On the other end of the spectrum is Nova, who is unable to gain any extra velocity through extension despite being 6-foot-4. His fastball looks a full mile an hour slower to the hitter than what the radar gun says. The ability to see the ball well out of Nova’s hand has always been a knock against him. He doesn’t have much deception in his delivery and the perceived velocity data suggests he lacks extension too. That’s why Nova’s always been more hittable than his stuff would lead you to believe.
The same is true of Eovaldi, though he brings much more raw velocity to the table than Nova and most other starting pitchers. Eovaldi is not as tall as most of his rotation mates (6-foot-2) so his stride isn’t as long, which costs him some perceived velocity. He’s the poster child for pitchers with big fastballs and small results. His new splitter has really made a big difference because it gives hitters something else to think about. Before they could zero in on the fastball.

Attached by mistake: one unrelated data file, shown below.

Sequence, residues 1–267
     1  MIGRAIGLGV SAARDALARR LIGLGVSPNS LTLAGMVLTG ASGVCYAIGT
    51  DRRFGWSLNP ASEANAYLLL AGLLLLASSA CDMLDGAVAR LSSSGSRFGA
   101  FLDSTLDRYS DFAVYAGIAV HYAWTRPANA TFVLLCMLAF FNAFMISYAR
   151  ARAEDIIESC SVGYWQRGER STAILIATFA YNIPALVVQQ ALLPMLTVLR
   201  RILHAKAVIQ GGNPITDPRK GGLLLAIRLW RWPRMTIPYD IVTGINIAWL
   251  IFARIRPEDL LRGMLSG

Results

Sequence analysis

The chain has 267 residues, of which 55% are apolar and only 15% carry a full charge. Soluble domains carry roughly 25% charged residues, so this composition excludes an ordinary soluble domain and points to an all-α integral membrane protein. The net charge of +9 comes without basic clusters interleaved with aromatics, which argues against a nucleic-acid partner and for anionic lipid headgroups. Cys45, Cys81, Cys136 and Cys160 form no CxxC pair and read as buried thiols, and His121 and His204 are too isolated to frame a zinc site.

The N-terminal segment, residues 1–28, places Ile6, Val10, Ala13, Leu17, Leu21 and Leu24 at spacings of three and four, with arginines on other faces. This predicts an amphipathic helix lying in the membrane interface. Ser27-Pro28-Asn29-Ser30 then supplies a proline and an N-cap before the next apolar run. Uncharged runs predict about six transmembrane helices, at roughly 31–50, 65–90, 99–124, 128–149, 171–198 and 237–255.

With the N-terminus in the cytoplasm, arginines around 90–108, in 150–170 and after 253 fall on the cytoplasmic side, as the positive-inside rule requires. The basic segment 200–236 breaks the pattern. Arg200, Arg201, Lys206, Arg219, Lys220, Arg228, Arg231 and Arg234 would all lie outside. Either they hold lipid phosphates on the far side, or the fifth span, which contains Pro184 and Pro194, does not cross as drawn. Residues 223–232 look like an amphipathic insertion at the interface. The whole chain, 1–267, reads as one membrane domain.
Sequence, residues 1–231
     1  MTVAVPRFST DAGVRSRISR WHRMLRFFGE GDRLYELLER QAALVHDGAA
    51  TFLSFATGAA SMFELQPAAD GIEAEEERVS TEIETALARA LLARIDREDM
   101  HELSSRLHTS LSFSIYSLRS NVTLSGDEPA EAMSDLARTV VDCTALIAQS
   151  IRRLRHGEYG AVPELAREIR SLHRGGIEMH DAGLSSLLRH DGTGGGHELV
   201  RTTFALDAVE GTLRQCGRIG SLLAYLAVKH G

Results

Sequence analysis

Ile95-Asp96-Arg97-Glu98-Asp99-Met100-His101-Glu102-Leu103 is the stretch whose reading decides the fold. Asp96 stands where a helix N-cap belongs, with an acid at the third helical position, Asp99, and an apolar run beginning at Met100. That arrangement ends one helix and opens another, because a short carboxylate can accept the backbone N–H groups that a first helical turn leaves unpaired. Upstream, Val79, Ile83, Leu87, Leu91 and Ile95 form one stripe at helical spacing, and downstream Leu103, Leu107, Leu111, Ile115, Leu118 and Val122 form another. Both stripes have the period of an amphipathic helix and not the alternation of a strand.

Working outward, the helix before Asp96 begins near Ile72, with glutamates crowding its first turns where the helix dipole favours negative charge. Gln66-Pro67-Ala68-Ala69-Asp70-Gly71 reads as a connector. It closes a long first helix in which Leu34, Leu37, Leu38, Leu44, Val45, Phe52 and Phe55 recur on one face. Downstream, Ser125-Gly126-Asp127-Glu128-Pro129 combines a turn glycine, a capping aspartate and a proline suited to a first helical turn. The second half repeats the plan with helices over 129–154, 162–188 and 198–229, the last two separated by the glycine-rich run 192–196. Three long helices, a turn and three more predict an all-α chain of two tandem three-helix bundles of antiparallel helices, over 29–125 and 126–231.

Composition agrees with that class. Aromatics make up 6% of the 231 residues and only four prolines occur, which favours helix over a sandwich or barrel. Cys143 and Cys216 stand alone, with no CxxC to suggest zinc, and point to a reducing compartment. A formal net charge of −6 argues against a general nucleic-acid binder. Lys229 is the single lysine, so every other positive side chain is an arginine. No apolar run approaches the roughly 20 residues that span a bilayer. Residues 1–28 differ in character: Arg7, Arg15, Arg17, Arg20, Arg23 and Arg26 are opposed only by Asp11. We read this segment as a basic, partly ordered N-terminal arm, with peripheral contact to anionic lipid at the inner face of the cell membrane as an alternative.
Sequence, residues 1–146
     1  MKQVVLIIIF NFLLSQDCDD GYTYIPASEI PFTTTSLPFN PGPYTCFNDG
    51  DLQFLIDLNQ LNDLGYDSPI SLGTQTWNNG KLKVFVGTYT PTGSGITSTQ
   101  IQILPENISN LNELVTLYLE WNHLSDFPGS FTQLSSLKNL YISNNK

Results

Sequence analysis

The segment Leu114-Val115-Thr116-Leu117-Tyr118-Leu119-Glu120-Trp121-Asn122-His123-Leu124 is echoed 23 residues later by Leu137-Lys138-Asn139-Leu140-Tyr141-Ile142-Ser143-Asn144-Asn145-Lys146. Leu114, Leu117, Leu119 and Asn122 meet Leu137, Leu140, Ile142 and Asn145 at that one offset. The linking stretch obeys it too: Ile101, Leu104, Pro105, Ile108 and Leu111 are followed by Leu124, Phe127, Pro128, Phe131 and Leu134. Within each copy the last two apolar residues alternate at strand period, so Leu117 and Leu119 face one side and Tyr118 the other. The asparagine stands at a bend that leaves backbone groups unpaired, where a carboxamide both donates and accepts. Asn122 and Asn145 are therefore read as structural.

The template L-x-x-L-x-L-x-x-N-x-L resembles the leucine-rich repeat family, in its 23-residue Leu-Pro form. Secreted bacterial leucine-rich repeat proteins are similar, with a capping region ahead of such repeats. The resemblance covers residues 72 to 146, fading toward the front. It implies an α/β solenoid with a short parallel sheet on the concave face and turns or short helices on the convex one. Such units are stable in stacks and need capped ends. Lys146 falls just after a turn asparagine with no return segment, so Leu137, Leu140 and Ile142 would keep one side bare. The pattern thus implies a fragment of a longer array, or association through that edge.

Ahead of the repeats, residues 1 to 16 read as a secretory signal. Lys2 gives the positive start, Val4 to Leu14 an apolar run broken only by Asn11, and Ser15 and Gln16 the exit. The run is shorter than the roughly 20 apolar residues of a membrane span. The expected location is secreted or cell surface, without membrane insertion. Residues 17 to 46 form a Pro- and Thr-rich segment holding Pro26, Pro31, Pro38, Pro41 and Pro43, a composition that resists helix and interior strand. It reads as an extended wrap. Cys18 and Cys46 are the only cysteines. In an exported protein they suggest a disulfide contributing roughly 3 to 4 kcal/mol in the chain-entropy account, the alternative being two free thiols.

I have nothing to back this up, but the 0.78 mph difference between Tanaka’s average fastball and perceived fastball seems to matter less to him than it would other pitchers. Tanaka is basically a splitter/slider pitcher with a show-me fastball. Nova and Eovaldi rely on their fastballs much more heavily because their secondary pitches aren’t as good. I don’t mean that as a knock. Most pitchers rely on their heater. Tanaka’s an outlier. The lack of perceived velocity could help explain why he’s so homer prone though.
|Average Velocity||Perceived Velocity||“Gain”|
These five guys have been the constants in the bullpen this season. The other two spots — sometimes it has been three other spots — have been used as shuttle spots to cycle arms in and out as necessary.
The big three all gain some velocity through their release points because they’re all so damn tall. I’m actually sort of surprised the difference between Betances’ average fastball velocity and perceived fastball velocity is so small, relatively speaking. He has such a massively long stride …